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Paralegal


To become a paralegal, you must first have a high school diploma or a GED. The paralegal program can be found at trade schools and community colleges across the country. The community college paralegal program is generally a two year associate degree, however some lawyers prefer their paralegals to have a bachelor’s degree from a top college.

What Is A Paralegal?

Paralegals can be found working alongside lawyers, helping them by working files, organizing the case through research, and crafting supporting documents. A paralegal’s duty depends on who you work for and which area of law you're in. Because the paralegal works directly on a case and, in some instances, does much of the work to present the case, your hours are billable to the client—similar to a lawyer, only not as expensive.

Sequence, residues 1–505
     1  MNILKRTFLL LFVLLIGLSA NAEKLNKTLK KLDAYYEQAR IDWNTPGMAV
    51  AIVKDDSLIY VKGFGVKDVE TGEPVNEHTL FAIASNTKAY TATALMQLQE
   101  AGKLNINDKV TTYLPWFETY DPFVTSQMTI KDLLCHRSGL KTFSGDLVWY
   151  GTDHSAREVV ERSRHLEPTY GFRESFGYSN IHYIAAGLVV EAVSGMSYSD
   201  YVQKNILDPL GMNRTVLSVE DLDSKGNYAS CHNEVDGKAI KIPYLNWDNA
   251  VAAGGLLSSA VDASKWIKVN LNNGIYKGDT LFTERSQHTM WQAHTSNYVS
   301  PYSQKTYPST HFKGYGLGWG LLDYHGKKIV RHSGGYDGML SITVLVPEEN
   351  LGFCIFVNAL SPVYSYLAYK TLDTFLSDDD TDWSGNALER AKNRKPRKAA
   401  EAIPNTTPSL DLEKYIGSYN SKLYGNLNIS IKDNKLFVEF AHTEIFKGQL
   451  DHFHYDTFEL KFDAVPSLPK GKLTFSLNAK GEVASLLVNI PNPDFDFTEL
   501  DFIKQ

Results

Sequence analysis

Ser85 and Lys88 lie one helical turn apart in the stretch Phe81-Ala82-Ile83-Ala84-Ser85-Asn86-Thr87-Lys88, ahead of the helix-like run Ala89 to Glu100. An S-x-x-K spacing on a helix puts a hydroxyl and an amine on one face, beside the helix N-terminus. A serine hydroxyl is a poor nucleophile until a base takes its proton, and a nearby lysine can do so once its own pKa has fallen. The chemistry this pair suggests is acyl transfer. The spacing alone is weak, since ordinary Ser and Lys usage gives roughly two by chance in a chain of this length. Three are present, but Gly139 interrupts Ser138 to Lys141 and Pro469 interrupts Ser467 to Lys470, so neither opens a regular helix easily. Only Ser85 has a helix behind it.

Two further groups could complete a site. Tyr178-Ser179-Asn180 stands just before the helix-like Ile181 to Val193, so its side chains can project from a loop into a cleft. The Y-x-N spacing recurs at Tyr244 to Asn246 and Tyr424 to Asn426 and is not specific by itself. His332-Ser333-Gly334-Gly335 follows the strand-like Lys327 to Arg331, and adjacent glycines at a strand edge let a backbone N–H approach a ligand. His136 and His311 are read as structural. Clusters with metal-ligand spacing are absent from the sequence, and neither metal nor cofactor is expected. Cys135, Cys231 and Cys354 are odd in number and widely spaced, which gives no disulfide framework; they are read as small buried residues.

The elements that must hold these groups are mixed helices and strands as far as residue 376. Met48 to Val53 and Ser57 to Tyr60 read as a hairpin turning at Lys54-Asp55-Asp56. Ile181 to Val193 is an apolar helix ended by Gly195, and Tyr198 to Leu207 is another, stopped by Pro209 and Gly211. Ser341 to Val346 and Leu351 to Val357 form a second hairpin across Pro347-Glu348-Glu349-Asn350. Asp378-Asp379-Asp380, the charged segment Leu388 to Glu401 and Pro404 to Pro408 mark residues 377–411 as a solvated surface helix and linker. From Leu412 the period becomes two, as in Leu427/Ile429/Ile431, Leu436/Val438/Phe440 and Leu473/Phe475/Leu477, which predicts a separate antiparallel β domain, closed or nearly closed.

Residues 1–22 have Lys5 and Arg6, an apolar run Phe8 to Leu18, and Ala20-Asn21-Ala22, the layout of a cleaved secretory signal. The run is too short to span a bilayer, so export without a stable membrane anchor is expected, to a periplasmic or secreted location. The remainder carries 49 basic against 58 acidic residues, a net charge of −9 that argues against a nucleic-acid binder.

At school, paralegals may specialize in

  • personal injury
  • criminal law
  • bankruptcy
  • immigration
  • corporate
  • litigation

 Courses a paralegal will take at school

  • legal research
  • legal writing
  • corporate law
  • international law
  • legal applications of computers

Qualities important to paralegals are strong communication skills, proficient computer skills, excellent interpersonal skills, and exceptional organization and research skills.

How Much Does A Paralegal Make?

The median salary for a paralegal and legal assistant is $50K annually. However, depending on how much experience the paralegal has and what type of law is the specialty, paralegals can make much more.

Paralegal and legal assistant job outlook

Between now and 2026, the job outlook for the profession is expected to grow 15 percent thanks to their increased presence in law firms. To keep costs down, lawyers will hire more paralegals to make their services more affordable.

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